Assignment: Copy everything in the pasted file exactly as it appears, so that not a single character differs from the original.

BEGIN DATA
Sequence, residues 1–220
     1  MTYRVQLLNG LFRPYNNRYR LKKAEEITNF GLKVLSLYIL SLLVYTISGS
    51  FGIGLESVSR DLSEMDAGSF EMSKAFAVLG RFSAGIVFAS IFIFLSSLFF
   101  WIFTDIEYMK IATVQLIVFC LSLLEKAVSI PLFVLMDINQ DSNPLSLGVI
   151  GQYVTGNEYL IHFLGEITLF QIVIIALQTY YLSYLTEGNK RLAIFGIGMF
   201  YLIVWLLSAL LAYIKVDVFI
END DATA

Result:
Sequence, residues 1–220
     1  MTYRVQLLNG LFRPYNNRYR LKKAEEITNF GLKVLSLYIL SLLVYTISGS
    51  FGIGLESVSR DLSEMDAGSF EMSKAFAVLG RFSAGIVFAS IFIFLSSLFF
   101  WIFTDIEYMK IATVQLIVFC LSLLEKAVSI PLFVLMDINQ DSNPLSLGVI
   151  GQYVTGNEYL IHFLGEITLF QIVIIALQTY YLSYLTEGNK RLAIFGIGMF
   201  YLIVWLLSAL LAYIKVDVFI